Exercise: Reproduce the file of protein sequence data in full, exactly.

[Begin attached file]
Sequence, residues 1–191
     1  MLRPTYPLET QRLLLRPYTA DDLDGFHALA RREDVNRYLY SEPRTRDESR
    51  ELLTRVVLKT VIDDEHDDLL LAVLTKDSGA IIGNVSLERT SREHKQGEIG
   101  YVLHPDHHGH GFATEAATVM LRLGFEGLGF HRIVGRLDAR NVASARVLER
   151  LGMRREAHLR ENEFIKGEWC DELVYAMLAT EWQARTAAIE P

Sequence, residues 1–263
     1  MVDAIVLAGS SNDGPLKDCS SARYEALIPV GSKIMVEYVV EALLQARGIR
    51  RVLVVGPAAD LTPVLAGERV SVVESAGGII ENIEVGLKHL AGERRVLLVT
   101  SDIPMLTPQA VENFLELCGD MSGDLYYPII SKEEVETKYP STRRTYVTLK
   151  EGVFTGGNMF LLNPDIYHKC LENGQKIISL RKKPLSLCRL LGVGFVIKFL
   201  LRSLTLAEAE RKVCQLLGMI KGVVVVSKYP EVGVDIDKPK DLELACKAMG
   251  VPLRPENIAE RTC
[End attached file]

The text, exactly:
Sequence, residues 1–191
     1  MLRPTYPLET QRLLLRPYTA DDLDGFHALA RREDVNRYLY SEPRTRDESR
    51  ELLTRVVLKT VIDDEHDDLL LAVLTKDSGA IIGNVSLERT SREHKQGEIG
   101  YVLHPDHHGH GFATEAATVM LRLGFEGLGF HRIVGRLDAR NVASARVLER
   151  LGMRREAHLR ENEFIKGEWC DELVYAMLAT EWQARTAAIE P

Sequence, residues 1–263
     1  MVDAIVLAGS SNDGPLKDCS SARYEALIPV GSKIMVEYVV EALLQARGIR
    51  RVLVVGPAAD LTPVLAGERV SVVESAGGII ENIEVGLKHL AGERRVLLVT
   101  SDIPMLTPQA VENFLELCGD MSGDLYYPII SKEEVETKYP STRRTYVTLK
   151  EGVFTGGNMF LLNPDIYHKC LENGQKIISL RKKPLSLCRL LGVGFVIKFL
   201  LRSLTLAEAE RKVCQLLGMI KGVVVVSKYP EVGVDIDKPK DLELACKAMG
   251  VPLRPENIAE RTC